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Takuma Nakahira
Overflow [with Limited Number of Special Tote Bag]

Photographs by Takuma Nakahira

Text by Franz K. Prichard

Case Publishing, 2018

First edition


64 pp. , color illustrated throughout

257 x 364 mm

ISBN 978-4-908526-19-0

Item #5069

0.800 5069 EUR 40.00 Add to Cart

Takuma Nakahira, one of the most legendary photographers of post-war Japan and a life-long rival of Daido Moriyama. Overflow is the first photobook in which his installation work comes alive in entirety and detail since its unveiling in 1974.

Takuma Nakahira’s series ‘Overflow’ was originally presented as an installation during the 1974 exhibition ’Fifteen Photographers Today’ (National Museum of Modern Art, Tokyo). The work consisted of 48 color photographs that were arranged on a wall 6 meters wide and 1.6 meters high. The photobook Overflow is the first chance to view Nakahira’s astonishing series outside the context of an exhibition.
The photographs show elements of a city — eery rifts in a space overflowing with objects, commodities and information — that Nakahira encountered and captured in his everyday life, from ivy creeping across walls and manhole covers in the streets to the tire of a large truck, from a pale-bellied shark floating in the transparent darkness behind the glass of an aquarium to close-up shots of a subway station.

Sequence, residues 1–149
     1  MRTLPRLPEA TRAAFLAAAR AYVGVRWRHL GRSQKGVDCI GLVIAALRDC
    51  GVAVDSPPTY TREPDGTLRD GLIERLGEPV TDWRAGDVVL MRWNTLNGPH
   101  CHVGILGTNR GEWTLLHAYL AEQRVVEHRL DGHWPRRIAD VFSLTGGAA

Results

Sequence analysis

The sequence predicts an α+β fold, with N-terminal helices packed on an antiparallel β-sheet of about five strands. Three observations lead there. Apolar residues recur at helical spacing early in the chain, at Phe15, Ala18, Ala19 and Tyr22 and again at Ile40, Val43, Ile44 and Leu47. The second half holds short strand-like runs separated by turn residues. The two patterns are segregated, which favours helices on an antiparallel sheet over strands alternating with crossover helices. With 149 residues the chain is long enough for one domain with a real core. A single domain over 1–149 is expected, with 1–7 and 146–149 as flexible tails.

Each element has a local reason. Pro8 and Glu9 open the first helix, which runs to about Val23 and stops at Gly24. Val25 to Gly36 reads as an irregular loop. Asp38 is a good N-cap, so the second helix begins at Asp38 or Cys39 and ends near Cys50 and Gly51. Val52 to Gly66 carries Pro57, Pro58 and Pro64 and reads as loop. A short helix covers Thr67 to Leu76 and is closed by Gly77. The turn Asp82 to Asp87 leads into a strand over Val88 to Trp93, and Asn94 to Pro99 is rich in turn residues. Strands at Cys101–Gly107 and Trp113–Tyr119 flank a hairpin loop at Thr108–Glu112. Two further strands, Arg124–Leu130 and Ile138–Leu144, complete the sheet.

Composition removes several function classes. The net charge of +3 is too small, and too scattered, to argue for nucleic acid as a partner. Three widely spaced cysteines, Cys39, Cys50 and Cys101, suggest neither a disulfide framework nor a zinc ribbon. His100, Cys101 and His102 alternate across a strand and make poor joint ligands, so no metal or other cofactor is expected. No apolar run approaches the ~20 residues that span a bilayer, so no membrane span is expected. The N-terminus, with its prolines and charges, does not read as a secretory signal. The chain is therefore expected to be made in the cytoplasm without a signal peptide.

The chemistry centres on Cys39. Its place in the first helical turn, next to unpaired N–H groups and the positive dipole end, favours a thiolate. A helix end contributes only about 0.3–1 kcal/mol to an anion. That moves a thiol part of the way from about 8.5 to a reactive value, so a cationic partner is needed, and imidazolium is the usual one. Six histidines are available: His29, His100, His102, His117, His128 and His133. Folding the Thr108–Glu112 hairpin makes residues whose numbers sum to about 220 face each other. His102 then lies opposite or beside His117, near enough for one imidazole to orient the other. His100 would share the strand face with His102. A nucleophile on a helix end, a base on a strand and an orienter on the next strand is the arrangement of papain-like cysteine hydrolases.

The photobook’s layout strictly mimics each photo’s position in the installation piece in order to replicate the series’ original experience within the confines of a book. Additionally, Princeton University assistant professor Franz K. Prichard contributes an extensive essay in which he compares the Overflow series with Nakahira’s vision of an ‘illustrated dictionary’ (as outlined in Nakahira’s 1973 essay ‘Why an Illustrated Botanical Dictionary?’), thereby offering a deep exploration of Takuma Nakahira, who integrated praxis and theory in his work like no one else.

‘Overflow compels us as viewers to see the interplay of a seemingly random distribution of fragments, surfaces and residues. And in so doing, we are made to sense the undifferentiated enumeration of parts of an incomplete whole. This is, if you recall, the definition of the “illustrated dictionary” form that Nakahira provided in the essay “Why an Illustrated Botanical Dictionary?”’
— from Franz K. Prichard’s essay

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